Abstract

A frequency-modulated continuous-wave technique is used to detect the presence of frequency shifts in the Rayleigh-backscattered light in a single-mode optical fiber as a result of a changing temperature. The system is able to detect a rate of temperature change of 0.014 K/s, when a 20-cm length of fiber is heated. The system is also able to demonstrate a spatial resolution of better than 15 cm.

© 1994 Optical Society of America

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References

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  1. X. Bao, D. J. Webb, D. A. Jackson, Opt. Lett. 18, 552 (1993).
    [CrossRef] [PubMed]
  2. R. I. MacDonald, Appl. Opt. 20, 1840 (1981).
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  3. R. Juškaitis, A. M. Mamedov, V. T. Potapov, S. V. Shatalin, Opt. Lett. 17, 1623 (1992).
    [CrossRef]
  4. D. A. Jackson, J. Phys. E 18, 981 (1985).
    [CrossRef]

1993

1992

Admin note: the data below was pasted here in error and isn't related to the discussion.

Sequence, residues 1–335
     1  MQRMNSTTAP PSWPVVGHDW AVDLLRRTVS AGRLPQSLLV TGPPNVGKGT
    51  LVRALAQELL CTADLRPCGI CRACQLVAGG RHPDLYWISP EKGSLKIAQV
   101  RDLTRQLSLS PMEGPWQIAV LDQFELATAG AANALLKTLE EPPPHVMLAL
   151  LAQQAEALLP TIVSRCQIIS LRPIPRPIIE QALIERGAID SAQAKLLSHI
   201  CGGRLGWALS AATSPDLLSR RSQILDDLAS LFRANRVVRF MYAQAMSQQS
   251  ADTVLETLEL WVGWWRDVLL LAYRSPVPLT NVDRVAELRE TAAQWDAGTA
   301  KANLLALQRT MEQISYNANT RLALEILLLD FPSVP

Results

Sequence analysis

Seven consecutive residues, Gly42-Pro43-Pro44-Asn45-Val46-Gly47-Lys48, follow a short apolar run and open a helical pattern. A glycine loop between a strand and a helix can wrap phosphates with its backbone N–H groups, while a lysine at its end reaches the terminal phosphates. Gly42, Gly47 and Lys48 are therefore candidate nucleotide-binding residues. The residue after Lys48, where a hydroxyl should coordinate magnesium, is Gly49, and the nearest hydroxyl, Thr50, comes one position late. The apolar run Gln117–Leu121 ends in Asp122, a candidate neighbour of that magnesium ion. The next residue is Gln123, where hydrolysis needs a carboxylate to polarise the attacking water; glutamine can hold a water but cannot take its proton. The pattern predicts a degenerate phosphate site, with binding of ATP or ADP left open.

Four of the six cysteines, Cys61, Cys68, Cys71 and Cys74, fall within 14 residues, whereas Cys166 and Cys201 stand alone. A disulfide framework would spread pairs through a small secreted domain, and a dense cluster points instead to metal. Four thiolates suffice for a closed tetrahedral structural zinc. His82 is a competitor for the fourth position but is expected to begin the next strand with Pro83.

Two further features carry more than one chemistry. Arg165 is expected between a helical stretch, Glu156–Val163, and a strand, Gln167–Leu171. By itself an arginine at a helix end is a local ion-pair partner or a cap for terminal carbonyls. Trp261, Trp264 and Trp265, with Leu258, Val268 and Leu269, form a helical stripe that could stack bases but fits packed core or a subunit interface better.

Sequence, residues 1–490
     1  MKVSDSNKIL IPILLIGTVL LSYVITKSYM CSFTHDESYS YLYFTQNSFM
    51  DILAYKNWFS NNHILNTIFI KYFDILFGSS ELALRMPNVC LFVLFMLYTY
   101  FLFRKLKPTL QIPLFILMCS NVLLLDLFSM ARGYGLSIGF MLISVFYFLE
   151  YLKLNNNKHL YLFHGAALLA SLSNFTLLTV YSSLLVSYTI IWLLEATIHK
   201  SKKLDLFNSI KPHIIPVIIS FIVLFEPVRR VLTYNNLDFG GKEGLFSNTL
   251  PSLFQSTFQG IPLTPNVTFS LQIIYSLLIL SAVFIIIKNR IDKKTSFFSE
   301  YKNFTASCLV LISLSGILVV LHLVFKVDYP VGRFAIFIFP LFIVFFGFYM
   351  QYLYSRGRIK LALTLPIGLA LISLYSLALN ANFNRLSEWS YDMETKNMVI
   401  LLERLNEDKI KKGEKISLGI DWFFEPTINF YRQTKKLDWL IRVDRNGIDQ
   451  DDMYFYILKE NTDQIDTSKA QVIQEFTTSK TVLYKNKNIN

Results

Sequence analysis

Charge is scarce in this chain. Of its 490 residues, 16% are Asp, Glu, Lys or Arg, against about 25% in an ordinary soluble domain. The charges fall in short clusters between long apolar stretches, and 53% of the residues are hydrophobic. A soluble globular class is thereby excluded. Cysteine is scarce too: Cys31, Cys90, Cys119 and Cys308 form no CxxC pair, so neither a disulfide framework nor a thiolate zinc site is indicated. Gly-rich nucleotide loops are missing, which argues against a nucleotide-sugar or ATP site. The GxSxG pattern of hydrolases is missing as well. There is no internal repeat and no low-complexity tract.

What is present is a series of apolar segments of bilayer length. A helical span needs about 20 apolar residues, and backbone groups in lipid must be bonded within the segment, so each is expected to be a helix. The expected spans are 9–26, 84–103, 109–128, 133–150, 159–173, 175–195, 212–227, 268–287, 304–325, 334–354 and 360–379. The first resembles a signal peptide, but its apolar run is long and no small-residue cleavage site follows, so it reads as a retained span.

1985

D. A. Jackson, J. Phys. E 18, 981 (1985).
[CrossRef]

1981

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Figures (4)

Fig. 1
Fig. 1

Schematic showing the frequency-modulated continuous-wave distributed sensor setup.

Fig. 2
Fig. 2

Comparison of the rate of change of temperature with time and the frequency shift with time for the 5.1-cm heating element.

Fig. 3
Fig. 3

Plot of the rate of temperature change versus the Doppler frequency shift for the 5.1-cm heating element.

Fig. 4
Fig. 4

Plot showing frequency peaks in the detected signal. Peaks above 30 Hz suffer frequency shifts as a result of the temperature change occurring 1.24 m from the silvered fiber end.

Equations (3)

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ϕ = 2 π 2 x n f l c ,
f b = 1 2 π d ϕ d t = 2 x n c d f l d t = 2 x n c f p f r ,
δ f = 2 2 π d ϕ L d t = 100 L π d θ d t ,

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